Birmingham 2022: The Queen's Baton Relay: The Journey So Far
Having visited 22 countries and nations in just 79 days, the Queen’s Baton Relay has now completed over a quarter of its journey, most recently finishing its tour of the 19 Commonwealth countries in Africa.
While hosting the Baton, each Commonwealth Games Association organises activities to engage young people in sport, showcase their local heroes, and highlight a project that addresses at least one of the 17 United Nations Sustainable Development Goals.
For example, while in Kenya, the Baton was hiked up the Ngong Hills where, at the peak, the Batonbearers took part in a tree planting activity and were joined by children from local performance group, Huruma Town Kids.
Rwanda demonstrated how they take on Sustainable Development Goals by hosting a visit at the new Nyandungu Urban Wetland Ecotourism Park which aims to increase and conserve local biodiversity and restore on-land and aquatic habitats.
Whilst in Zambia, the Baton visited Victoria Falls, one of the Seven Wonders of The Natural World and the largest waterfall in the world. Brave Batonbearers swam through the Devil’s Pool, a natural rock pool along the edge of the falls. Climate justice activist, Enock Mwewa represented Zambia as one of the Batonbearers.
During the visit to Uganda, the Baton visited the Uganda Wildlife Education Centre, which runs conservation projects, as well as the Ngamba Island Chimpanzee Sanctuary, whose mission is to protect chimpanzees and their ecosystems.
Supporting the Sustainable Development Goals, Mauritius showcased their low emission transport options around the island, including an electric bus, the public metro and even a sailboat to ferry the Baton to Mahebourg Waterfront. At the Waterfront, Noemi Alphonse, the first Paralympian finalist in Mauritius, carried the Baton.
Celebrating youth engagement in sport, the Queen’s Baton visited Government Primary School Bastos in Cameroon. Whilst in Lesotho and Eswatini, the Baton was taken to OlympAfrica Centres where sport activities were hosted for children to get involved in.
In Botswana, the Baton visited several schools to engage young people in the Relay. At Tshwaragano Junior Secondary School, 72 students drew the 72 flags of the Commonwealth nations and territories. Local hero and Batonbearer, Oganne Manengene represented her community. Oganne set up a tuck shop using a government grant, she then expanded it to a grocery store, and now she uses its proceeds to build environmentally friendly housing for her community.
Each nation also took the Baton to visit their communities’ iconic locations or to witness to witness unique performances, showcasing their culture or history.
In Tanzania, the Baton was taken to the Askari Monument, which memorialises African soldiers, who fought in the British Campaign against Germany in World War I, where Batonbearers and attendees paid their respects to the lives lost.
The Baton visited St Michael and All Angels Church in Malawi, which was built by locals who had no previous formal training. The church tells the story of a community coming together to create something remarkable for future generations. Mary Waya, who previously competed at three Commonwealth Games in the Malawi Netball Team and then founded the Mary Waya Foundation which encourages girls in Africa to take up sport, represented her country as a Batonbearer.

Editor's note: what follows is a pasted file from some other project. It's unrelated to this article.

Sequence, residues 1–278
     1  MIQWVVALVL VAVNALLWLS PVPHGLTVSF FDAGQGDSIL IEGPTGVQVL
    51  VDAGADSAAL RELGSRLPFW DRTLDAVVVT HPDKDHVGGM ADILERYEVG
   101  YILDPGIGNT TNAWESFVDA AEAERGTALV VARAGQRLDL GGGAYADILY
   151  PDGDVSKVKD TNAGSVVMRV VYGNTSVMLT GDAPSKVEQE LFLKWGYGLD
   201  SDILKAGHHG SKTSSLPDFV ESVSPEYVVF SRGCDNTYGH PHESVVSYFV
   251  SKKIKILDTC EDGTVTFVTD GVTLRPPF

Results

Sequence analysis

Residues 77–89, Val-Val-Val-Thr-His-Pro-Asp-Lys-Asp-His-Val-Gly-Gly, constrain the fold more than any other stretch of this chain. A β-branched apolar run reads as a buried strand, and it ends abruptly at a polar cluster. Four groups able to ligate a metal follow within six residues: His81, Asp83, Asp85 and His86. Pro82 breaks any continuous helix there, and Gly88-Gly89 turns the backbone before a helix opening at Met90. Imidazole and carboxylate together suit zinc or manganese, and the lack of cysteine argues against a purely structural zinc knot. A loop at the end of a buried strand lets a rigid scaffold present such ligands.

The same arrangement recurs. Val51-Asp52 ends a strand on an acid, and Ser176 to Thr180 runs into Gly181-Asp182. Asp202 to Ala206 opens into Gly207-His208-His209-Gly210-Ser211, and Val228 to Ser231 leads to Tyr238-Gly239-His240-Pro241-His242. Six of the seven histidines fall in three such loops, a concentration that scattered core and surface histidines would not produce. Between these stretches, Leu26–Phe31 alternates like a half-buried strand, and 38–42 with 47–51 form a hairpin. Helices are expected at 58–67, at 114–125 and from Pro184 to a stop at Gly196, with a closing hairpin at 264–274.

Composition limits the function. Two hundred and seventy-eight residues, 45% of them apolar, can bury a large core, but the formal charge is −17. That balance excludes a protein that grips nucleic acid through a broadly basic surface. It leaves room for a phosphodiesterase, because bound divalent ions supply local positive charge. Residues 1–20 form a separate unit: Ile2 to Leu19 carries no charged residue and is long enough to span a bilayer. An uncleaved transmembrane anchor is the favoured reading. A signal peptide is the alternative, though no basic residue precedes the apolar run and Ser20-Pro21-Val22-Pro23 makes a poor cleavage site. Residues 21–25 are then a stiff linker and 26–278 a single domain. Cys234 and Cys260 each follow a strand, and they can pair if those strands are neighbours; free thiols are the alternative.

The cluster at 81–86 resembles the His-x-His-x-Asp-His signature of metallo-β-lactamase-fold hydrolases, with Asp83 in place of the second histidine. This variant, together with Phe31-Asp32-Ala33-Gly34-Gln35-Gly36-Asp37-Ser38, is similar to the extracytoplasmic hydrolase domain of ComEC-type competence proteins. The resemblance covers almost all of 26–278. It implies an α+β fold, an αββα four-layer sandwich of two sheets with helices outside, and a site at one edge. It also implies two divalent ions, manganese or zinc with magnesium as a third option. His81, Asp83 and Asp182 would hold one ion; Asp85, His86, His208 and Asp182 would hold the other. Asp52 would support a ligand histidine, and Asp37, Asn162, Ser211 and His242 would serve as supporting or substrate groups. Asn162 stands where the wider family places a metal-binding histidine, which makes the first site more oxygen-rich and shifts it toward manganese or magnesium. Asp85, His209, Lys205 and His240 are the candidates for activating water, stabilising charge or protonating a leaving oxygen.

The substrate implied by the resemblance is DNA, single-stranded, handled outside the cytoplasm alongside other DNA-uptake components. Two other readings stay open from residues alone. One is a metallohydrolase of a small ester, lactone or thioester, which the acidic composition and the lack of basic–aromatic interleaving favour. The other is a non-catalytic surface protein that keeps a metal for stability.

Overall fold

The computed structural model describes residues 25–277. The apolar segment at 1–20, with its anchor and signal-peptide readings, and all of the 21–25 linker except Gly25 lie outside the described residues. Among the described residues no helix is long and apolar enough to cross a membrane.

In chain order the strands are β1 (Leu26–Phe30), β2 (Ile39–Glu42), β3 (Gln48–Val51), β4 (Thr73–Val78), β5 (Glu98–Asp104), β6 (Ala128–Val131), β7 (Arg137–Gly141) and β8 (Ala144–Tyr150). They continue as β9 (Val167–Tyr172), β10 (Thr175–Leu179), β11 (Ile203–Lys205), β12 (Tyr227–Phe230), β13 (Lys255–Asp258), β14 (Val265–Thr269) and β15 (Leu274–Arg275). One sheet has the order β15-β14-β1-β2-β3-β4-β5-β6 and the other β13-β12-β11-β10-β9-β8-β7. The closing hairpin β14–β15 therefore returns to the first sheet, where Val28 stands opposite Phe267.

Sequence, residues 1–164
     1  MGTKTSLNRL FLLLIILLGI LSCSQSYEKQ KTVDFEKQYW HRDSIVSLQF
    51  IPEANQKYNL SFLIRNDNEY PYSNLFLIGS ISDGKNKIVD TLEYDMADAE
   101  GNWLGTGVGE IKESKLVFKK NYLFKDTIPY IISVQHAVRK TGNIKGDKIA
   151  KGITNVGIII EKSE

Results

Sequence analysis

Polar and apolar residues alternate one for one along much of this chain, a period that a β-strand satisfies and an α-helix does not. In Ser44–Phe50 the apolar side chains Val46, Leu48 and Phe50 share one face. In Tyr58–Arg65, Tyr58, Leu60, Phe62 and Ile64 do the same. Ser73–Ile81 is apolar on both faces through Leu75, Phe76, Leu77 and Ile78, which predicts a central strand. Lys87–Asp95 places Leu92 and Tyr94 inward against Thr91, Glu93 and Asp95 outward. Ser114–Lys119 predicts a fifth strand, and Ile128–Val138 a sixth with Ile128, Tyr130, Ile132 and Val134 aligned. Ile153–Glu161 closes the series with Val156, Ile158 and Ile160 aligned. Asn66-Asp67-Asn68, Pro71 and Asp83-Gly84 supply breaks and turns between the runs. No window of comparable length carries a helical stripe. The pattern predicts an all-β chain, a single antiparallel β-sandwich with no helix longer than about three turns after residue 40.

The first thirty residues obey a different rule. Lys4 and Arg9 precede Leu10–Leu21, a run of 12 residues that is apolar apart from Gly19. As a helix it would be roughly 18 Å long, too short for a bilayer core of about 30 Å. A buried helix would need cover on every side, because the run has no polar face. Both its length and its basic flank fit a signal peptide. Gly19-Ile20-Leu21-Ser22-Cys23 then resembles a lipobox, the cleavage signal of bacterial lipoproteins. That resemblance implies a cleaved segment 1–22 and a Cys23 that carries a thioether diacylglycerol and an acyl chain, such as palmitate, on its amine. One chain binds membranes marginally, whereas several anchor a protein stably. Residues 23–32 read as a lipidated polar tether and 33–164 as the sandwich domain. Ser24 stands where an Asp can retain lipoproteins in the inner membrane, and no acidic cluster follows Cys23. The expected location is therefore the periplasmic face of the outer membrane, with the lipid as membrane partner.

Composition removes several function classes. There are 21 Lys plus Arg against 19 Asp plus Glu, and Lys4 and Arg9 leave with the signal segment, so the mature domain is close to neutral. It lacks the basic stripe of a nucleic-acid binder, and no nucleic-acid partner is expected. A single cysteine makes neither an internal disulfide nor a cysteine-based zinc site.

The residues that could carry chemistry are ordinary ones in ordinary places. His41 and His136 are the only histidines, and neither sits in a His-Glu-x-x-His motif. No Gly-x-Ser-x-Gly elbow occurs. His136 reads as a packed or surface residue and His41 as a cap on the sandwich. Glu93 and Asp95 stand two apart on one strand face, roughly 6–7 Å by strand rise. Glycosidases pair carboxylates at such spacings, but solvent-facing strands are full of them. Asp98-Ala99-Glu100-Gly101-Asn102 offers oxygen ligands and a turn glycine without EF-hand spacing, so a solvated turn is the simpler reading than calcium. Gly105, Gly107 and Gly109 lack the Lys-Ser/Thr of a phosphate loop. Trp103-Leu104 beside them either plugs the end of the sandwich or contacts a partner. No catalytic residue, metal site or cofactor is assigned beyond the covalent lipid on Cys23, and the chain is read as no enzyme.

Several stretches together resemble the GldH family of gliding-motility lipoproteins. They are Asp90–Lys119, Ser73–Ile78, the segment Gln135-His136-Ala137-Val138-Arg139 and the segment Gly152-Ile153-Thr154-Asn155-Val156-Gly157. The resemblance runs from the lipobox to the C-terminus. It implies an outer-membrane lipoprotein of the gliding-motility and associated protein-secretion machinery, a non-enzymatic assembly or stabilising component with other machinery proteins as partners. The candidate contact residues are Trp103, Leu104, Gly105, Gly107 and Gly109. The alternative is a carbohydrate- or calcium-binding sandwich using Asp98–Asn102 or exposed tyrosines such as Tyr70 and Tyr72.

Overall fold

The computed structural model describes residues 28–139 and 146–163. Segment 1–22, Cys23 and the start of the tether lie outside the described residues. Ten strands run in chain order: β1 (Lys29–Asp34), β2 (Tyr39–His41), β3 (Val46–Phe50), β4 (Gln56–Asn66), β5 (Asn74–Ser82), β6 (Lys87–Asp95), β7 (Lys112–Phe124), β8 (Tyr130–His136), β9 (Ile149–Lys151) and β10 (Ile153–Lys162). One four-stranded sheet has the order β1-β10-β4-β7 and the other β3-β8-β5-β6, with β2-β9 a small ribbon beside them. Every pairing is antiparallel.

The Queen’s Baton Relay reached the remote volcanic island of St Helena for the first time in eight years where Josh Herne, 16-year-old Batonbearer, carried the Baton up Diana’s Peak, the island’s highest point and Jacob’s Ladder, which is 700 steps high.
The Baton was welcomed in Mozambique by a Chopi Timbila performance, during which musicians use different sized drums to produce a variety of sounds, while the main orchestra is made up of Timbilas, which are similar to xylophones, but are made from a rare wood only found in Inhambane.
While touring South Africa, the Baton was taken to the Big Hole (The Kimberly Mine), an open-pit and underground mine, which was once thought to be the deepest hole excavated by hand. When the mine was active, almost three tons of diamonds was recovered from it- which is the same weight as a baby blue whale!
In Namibia, the Baton was taken on an intense journey, from quad bikes to camel rides, to horseback, and even skydiving, Batonbearers travelled in extreme ways.
The Baton visited many incredible islands and beaches in the Seychelles, the first night was spent at one of the beaches with locals performing the Moutya dance around a bonfire.
Speaking on the opportunity to be involved in the Queen’s Baton Relay, Malawian Batonbearer Mary Waya said: “The Commonwealth Games means a lot to me and being a Batonbearer for the Queen’s Baton Relay has been a real honour. The young girls I train hope to one day represent our country and take on the Baton for the Commonwealth Games.”
Lisa Hampton, Head of The Queen’s Baton Relay, said: “The Queen’s Baton has already completed over a quarter of its journey and has shone a spotlight on communities in the African Commonwealth countries and territories and highlighted all the hard work each Commonwealth Games Association puts into organising these incredible events and activities while hosting the Baton.”
“Learning about all of the ongoing environmental initiatives, such as the Nyandungu Urban Wetland Ecotourism Park, is amazing and it is a fantastic representation of how the Commonwealth can come together in solidarity and inspire future generations to take on the same responsibility.”
“I can’t wait to see the rest of the journey unfold and see how the remaining Commonwealth Games Associations celebrate the Queen’s Baton Relay.”
The Queen’s Baton Relay will now continue its journey around the Commonwealth, starting its South Asian journey in Pakistan, the Maldives, Sri Lanka, then Bangladesh.